A remarkable 350 years of steady growth and transformation—that’s what the German pharmaceuticals and chemicals company Merck has achieved since it opened its first pharmacy in Darmstadt, near Frankfurt, in 1668.
Merck has now become a €15.3 billion ($17.9 billion) multinational in 66 countries and employs 53,000 staff. The company has continually evolved its strategy and governance mechanisms, while keeping a large body of 157 family shareholders together. The evolution of its business and governance offer many valuable lessons that family businesses can learn from. So how has the Merck family done it?
Building the foundation
It all started from modest means. German pharmacist Friedrich Jacob Merck founded Merck and his original small pharmacy was passed from generation to generation for more than 150 years. Heinrich Emanuel Merck, a sixth-generation family member equipped with a scientific education, brought about a major transformation in business by entering into manufacturing of alkaloids and other chemicals in 1827. Merck evolved into an industry-scale pharmaceutical and chemicals maker and introduced quality controls. By the end the 19th century, Merck had established its subsidiaries across continents.
The two world wars proved to be major setbacks for Merck operations. Several of its profit-making subsidiaries were confiscated by foreign governments. Many other subsidiaries had to be closed down due to shortage of raw materials, capital and labour. However, at both junctures, Merck was able to survive and revive its business by garnering support from the larger players in the industry, among them Boehringer and BASF.
Hans Joachim Langmann, a physicist who married into the Merck family, brought another round of transformations at Merck after he became the chairman of the management board in 1972 and continued until 2000. During this period, Merck established several international subsidiaries in Asia and North and South America. Its sales revenues grew from €160 million to €4 billion. Hans Joachim convinced the family members to change the way Merck ownership was organised and got its stock listed on the Frankfurt Stock Exchange in 1995.
In 2000, the 11th generation member, Dr Frank Stangenberg-Haverkamp and his cousin Jon took charge of leadership at Merck. Together with the members of the management board, they developed a grand strategic vision for Merck. As a result, Merck improved its strategic focus, identified key product and service areas to strengthen, and made several large acquisitions that expanded its business in scale and scope. Business operations were grouped under three divisions—healthcare, life science, and performance materials. Some of the non-core businesses like, generics and over the counter drugs were sold-off as part of the restructuring exercise.
By the end of the financial year of 2017, Merck registered sales of €15.3 billion, up 2% on the previous year, despite currency headwinds. Profit rose in 2017 by nearly 60% to a record level of €2.6 billion, boosted by its successful operating business and US tax reform. The company was focused on cutting-edge research and innovation and was poised for robust growth in the future.
Bonding generation to generation
Over the centuries, strong family cohesion, mission and values guided and shaped Merck.
Values of courage, achievement, respect, responsibility, integrity, and transparency formed the core of all the activities and are practiced daily by family members.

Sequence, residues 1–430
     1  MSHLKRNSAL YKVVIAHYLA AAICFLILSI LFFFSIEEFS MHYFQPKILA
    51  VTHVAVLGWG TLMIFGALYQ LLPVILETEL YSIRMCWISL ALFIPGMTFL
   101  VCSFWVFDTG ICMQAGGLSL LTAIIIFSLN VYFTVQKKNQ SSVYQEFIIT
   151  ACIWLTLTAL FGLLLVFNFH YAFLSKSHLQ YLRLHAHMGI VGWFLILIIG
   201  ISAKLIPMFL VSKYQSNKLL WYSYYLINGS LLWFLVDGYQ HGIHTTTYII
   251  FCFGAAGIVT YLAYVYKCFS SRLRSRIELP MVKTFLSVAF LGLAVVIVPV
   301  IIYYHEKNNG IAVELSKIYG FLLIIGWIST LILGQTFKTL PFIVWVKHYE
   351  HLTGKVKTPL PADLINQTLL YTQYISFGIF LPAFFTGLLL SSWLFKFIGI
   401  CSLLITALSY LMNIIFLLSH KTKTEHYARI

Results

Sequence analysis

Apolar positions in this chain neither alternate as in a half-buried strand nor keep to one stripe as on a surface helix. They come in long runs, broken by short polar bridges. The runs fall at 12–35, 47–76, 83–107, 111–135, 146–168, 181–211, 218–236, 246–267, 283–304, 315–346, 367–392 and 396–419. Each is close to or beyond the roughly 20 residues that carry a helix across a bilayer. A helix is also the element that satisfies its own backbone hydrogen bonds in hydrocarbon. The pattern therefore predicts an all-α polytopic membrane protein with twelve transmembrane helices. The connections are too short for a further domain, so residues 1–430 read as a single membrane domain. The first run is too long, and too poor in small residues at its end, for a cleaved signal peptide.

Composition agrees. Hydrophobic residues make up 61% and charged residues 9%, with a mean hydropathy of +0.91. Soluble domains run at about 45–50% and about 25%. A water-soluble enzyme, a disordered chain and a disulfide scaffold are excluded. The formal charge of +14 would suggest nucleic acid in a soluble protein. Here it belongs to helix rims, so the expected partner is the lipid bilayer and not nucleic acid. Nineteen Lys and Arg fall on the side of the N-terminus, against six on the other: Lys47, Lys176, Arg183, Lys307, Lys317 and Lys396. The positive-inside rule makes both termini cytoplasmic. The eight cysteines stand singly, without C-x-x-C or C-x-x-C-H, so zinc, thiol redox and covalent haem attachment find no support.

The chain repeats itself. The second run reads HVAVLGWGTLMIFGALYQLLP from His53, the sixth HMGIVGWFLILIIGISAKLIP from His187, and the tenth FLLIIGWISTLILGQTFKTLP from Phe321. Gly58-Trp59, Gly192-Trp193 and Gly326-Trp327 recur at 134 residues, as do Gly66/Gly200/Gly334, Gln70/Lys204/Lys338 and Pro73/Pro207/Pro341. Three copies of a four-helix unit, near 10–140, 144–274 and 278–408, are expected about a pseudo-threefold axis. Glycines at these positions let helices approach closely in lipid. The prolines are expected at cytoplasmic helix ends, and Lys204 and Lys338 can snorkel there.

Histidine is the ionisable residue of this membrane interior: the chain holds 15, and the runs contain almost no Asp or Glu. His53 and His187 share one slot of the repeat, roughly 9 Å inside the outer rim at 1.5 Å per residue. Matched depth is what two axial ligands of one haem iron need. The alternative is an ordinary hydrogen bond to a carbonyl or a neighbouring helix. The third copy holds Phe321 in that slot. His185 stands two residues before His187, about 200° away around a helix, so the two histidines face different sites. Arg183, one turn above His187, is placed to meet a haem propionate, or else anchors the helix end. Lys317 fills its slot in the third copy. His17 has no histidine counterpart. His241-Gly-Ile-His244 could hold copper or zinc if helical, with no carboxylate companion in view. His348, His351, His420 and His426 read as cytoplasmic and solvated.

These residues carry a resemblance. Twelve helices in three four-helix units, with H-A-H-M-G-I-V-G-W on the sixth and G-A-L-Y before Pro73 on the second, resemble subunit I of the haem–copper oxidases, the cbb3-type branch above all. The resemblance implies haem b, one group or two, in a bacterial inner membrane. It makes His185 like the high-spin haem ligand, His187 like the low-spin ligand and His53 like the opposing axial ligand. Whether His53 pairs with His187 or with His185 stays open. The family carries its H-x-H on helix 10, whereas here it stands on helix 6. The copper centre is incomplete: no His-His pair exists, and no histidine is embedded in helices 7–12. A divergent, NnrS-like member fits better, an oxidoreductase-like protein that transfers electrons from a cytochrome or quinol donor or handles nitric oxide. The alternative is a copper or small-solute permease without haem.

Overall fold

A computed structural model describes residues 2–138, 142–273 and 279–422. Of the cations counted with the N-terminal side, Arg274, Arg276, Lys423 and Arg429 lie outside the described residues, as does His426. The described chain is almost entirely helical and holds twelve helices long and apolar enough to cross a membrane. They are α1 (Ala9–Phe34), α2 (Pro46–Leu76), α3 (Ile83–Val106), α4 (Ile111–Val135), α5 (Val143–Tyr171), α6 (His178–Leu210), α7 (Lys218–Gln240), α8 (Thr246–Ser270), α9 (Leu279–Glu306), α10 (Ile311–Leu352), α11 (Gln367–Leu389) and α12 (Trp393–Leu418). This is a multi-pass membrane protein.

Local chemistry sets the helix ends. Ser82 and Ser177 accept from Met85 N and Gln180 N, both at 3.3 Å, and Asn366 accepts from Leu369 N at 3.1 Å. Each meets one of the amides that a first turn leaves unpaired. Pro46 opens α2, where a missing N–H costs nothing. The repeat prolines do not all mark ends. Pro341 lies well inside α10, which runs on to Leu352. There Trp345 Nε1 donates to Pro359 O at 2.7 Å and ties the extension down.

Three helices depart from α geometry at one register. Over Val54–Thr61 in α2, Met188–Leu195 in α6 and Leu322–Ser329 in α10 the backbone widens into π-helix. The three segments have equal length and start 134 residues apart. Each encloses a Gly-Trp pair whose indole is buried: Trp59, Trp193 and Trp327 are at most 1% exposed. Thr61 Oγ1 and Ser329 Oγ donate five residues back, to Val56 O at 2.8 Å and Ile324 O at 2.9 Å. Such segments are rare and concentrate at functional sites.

An important aspect of Merck is its strong family togetherness. It has developed the ability to keep all the 258 family members bonded together. Merck family members spend quality time together in the board room and annual holidays. This means that while the family continue to have a keen oversight on the strategic direction of the business, the familial bonds of togetherness are renewed and strengthened regularly.
A core theme that ran across generations of the Merck family is their detachment to and caution against material wealth. Members viewed their work as a service to mankind and themselves as the custodians of business and wealth. In an interview with the authors, Stangenberg-Haverkamp says: “I always tell the next generation members, you are caretakers, you are trustees and nothing else. More than 50,000 people work for the company every day and their families depend on it. All you have to do is make sure that this heritage is passed on in one piece to the next generation”.
Merck family and business strategy is strongly based on values. Their ancestor Heinrich Emanuel Merck advocated the philosophy of ‘business first’ and intended family members to remain invested in the business and to live on their own incomes without dependence on dividends.
Strong governance structures and mechanisms at Merck, such as the family shareholder’s council or the board of partners and the rules that governed those, ensure that family members conduct themselves in accordance with the mutually agreed norms and practices and work together to achieve the common objectives.
Another key feature on the family side of the Merck story is the continued involvement of family members belonging to several generations. For 12 generations, Merck has been able to successfully groom its next generation members to take on the mantle of business leadership following mechanisms that were rooted in a system that values merit and excellence.
“We have at least one meeting a year with the youngsters, two meetings of two different age groups and the AGMs—to educate them on business,” says Stangenberg-Haverkamp.
The group also established Merck University, which, in collaboration with other academic institutions, passes on the knowledge and skills required to build business leadership capability among next generation members of the family who are to take the Merck legacy forward.